U.S. women's soccer team threatens Rio Olympic boycott over wage inequality

U.S. women's soccer team threatens Rio Olympic boycott over wage inequality
By Hugo Lowell
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The United States women’s soccer team could boycott this summer’s Rio Olympics unless their demands for equal pay as the men’s national side are met, World Cup winner Becky Sauerbrunn has said.

Sauerbrunn, who was also on the US Olympic women’s soccer team which won gold in 2012, told ESPN in an interview the players would not rule out the possibility of a boycott if no progress on the issue had been made by July.

“It would still be on the table,” Sauerbrunn said. “We are reserving every right to do so and we’re leaving every avenue open. And if nothing has changed, if we don’t feel real progress has been made, then that’s a conversation that we’re going to have.

Sauerbrunn is one of five members of the US team, including veteran captain Carli Lloyd, who filed in late March a discrimination complaint with the Equal Employment Opportunity Commission on behalf of the whole team against the US Soccer Federation over wage disparity.
The 30-year-old defender said she hoped the legal action would put enough pressure on the federation to “show them our worth, our value.”

The US women’s team earned US$2 million from prize money as a result of their 2015 World Cup victory, which the federation distributed to the players.

That figure was US$7 million less than what the men’s team received after being knocked out of the 2014 World Cup in Brazil in the round of 16.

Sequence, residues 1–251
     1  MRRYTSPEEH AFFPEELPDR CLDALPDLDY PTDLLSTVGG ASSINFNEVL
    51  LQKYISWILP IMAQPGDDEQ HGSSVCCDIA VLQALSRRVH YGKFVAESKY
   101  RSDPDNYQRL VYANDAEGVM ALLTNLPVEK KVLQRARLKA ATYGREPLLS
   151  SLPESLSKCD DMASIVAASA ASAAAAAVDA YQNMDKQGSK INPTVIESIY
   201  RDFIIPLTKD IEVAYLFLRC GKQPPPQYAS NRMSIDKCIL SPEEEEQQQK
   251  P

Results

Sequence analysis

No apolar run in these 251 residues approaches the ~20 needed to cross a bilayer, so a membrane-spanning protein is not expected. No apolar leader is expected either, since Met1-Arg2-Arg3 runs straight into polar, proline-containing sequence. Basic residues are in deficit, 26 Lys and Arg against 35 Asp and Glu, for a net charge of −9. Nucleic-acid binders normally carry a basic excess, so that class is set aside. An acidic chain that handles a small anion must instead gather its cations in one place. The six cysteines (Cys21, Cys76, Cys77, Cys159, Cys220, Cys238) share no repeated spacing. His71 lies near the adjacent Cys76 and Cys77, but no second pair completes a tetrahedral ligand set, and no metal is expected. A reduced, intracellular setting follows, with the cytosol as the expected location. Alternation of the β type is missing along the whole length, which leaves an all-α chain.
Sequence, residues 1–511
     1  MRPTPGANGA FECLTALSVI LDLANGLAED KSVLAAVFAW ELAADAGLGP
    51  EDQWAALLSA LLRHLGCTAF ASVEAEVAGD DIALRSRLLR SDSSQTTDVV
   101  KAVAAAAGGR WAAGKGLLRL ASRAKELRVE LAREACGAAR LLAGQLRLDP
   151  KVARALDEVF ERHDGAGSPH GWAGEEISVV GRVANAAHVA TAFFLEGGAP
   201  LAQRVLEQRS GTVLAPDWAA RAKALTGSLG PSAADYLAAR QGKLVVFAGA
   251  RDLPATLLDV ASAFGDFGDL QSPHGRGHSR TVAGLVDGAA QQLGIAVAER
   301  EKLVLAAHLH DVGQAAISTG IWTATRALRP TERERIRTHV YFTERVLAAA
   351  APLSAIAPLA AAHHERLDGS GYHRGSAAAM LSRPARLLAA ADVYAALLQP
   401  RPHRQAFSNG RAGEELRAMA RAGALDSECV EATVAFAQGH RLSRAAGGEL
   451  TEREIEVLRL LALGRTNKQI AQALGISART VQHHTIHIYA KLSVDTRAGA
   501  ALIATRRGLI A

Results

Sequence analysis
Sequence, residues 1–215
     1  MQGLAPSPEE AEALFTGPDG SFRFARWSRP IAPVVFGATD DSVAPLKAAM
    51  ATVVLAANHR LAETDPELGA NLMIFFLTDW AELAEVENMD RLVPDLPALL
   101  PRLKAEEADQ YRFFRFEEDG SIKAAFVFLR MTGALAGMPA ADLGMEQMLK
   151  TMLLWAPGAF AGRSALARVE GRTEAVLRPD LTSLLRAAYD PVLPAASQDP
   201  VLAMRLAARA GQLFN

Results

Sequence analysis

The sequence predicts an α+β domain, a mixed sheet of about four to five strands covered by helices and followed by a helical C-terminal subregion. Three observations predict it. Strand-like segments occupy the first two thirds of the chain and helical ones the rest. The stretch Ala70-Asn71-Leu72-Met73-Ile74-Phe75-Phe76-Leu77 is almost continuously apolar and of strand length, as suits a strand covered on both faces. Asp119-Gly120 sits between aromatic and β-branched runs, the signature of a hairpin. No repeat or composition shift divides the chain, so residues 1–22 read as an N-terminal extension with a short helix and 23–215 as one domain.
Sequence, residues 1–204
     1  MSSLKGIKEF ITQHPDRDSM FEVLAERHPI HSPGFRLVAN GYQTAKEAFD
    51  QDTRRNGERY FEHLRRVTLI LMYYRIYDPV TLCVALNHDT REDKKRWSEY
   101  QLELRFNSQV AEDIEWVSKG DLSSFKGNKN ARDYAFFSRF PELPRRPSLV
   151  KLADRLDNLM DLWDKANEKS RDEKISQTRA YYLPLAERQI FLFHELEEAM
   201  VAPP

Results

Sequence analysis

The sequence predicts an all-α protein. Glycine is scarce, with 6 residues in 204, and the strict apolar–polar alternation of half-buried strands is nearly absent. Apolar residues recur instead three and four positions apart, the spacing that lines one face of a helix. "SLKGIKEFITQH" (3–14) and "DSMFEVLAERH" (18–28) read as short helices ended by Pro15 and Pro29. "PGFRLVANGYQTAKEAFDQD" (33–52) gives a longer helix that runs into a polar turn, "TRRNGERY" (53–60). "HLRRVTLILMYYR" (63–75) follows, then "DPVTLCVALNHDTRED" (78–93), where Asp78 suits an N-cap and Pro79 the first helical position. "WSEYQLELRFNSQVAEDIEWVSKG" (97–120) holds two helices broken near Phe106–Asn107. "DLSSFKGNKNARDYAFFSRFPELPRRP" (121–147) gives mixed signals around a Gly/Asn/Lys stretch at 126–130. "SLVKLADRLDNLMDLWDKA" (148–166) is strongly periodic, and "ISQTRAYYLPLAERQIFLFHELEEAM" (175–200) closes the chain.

It is understood the women’s national team are also only paid just over 40 percent of the men’s team’s salary.

Female players receive between US$3,600 and US$4,950 per win for their country, while players on the men’s team receive US$6,250 to US$17,625 for each game, regardless of the outcome.

“The message they’ve been putting out by paying us drastically less than the men is that they don’t value our contributions to the game as much as the men,” Sauerbrunn added.

Rio Olympic organisers are already struggling with lacklustre ticket sales for South America’s first Games, and talk of a US women’s team boycott has brought additional fears of empty venues when the Olympics begin in August.

With 2012 Olympic silver medalists Japan failing to qualify for the Games altogether, it is expected the potential absence of the world’s top female team would seriously detract from the allure of the overall Rio Olympic women’s soccer competition.

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